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Case 8 - Contracts Restraining Marriage

Published online by Cambridge University Press:  11 February 2021

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Summary

Mr Strict entered into a contract with his daughter, Clementine, to pay for her round-the-world trip in return for her promise to only marry a man belonging to Mr Strict's faith. During the trip, Clementine fell in love with Mr Dreamy, who belongs to a different faith from her father, and married him. Mr Strict has now brought an action for breach of contract and is consequently demanding repayment of the amount he spent on Clementine's trip. Is the contract between Mr Strict and his daughter valid? Can Clementine challenge the action brought forth by her father?

Variation: Would it make a difference if Clementine fell in love with Miss Dreamy, who belongs to the same faith as her father, and entered into a civil partnership with her?

Case Reference: Lowe v. Peers [1768] 4 Burr 2225.

AUSTRIA

OPERATIVE RULES

At least the obligation incurred by Clementine is not valid. Clementine can challenge the action brought forth by her father.

Variation: There would be no difference.

DESCRIPTIVE FORMANTS

Austrian law provides explicit regulations for comparable, though not fully identical, stipulations in the law of successions, which are made applicable to bilateral contracts by way of reference. The following discussion will first deal with these statutory provisions, which concern benefits granted under a condition of not getting married, in order to reveal the relevant values and policies pursued by Austrian law in this area, and then turn towards the contractual arrangement at hand in Case 8, i.e. a bilateral contract under which both parties oblige themselves to some performance, here, in Clementine's case, an obligation not to marry a man of a different faith than her father’s.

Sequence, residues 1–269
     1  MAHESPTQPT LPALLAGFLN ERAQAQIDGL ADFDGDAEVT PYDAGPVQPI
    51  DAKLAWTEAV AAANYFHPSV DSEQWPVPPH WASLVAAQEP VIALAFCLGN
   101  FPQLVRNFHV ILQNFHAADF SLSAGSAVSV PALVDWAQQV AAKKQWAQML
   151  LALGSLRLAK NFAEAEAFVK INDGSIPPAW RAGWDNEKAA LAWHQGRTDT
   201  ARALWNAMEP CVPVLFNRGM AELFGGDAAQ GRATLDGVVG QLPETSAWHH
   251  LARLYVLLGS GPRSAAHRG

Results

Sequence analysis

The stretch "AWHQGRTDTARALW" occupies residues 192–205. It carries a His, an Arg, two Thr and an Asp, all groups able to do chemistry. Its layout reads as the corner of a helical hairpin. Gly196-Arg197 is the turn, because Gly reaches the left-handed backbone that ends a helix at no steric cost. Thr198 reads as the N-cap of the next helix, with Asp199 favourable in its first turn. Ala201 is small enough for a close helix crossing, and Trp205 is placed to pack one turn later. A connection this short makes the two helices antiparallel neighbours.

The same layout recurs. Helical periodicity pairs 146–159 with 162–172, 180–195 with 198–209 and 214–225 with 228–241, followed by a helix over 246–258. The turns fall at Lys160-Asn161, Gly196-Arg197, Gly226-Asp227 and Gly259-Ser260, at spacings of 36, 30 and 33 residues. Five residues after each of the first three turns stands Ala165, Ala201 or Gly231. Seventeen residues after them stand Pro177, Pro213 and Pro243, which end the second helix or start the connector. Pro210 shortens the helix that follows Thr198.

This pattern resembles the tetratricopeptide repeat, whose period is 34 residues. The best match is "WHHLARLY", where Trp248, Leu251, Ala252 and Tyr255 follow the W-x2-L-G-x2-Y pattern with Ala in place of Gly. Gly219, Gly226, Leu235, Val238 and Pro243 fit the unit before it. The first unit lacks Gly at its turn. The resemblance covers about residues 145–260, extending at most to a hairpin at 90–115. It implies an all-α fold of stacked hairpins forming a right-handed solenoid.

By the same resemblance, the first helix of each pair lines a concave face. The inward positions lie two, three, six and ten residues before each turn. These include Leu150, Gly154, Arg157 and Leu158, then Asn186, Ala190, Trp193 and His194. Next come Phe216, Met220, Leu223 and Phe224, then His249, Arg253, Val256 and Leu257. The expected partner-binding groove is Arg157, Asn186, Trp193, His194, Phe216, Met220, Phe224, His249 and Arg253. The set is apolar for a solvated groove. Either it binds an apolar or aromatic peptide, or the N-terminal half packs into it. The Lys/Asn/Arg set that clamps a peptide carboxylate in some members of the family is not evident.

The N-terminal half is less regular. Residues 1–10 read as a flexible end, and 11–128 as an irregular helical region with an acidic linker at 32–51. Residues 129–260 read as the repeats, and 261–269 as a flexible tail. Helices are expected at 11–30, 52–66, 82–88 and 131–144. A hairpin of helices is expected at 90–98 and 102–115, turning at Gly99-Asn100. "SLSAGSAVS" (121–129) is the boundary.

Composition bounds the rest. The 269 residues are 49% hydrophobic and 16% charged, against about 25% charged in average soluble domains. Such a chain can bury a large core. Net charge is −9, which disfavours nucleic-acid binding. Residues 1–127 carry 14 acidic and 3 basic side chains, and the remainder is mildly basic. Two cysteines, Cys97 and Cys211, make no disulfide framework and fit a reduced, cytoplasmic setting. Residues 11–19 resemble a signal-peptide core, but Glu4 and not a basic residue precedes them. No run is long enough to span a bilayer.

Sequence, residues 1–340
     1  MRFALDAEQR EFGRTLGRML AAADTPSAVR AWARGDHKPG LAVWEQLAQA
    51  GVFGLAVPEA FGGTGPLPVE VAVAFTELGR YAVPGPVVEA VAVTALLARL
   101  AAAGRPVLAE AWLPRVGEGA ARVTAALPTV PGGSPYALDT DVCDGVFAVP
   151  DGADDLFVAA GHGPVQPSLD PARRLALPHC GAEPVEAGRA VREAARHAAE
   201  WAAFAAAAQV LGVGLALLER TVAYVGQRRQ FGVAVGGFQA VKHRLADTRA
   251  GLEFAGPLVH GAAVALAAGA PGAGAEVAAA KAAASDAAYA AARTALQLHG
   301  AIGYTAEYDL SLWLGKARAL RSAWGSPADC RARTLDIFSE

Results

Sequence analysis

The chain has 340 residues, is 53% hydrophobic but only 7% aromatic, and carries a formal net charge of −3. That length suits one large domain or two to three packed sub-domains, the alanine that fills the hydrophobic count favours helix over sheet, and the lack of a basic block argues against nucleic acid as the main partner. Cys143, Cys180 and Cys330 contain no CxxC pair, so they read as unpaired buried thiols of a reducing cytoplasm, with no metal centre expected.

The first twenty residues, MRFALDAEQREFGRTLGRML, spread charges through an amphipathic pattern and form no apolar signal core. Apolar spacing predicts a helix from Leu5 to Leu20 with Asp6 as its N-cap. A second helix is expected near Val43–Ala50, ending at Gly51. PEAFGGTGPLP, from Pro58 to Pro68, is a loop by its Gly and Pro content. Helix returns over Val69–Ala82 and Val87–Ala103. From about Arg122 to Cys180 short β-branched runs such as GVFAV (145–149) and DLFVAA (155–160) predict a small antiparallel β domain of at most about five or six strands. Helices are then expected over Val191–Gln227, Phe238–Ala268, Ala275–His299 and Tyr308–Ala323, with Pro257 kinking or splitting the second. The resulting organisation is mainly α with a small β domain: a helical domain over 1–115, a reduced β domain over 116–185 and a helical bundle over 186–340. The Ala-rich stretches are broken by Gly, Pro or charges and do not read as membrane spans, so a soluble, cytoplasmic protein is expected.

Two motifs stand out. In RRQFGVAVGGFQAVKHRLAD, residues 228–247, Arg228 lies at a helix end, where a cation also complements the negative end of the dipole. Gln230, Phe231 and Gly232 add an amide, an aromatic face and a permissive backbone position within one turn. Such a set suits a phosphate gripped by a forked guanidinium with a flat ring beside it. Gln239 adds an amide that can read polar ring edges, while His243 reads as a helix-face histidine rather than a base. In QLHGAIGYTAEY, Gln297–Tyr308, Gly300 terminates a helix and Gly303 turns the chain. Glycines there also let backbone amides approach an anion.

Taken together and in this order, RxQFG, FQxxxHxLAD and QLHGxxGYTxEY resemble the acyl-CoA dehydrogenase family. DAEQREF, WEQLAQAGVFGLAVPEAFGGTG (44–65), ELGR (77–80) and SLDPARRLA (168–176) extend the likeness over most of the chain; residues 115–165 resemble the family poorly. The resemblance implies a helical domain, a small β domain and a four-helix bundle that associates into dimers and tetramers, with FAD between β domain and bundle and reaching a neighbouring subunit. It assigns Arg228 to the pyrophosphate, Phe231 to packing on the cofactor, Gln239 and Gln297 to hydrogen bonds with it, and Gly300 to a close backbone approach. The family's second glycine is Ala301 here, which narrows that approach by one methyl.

Until a recent reform of the law of successions, which entered into force on 1 January 2017, Art. 700 CC explicitly provided that a condition stipulated in a will, according to which an (adult) heir or legatee may not marry, is to be treated as if it were “not included” in the will. The heir or legatee may thus receive the benefit without any condition. As for the policy pursued by former Art. 700 CC, see section 1.3 below.

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Publisher: Intersentia
Print publication year: 2020

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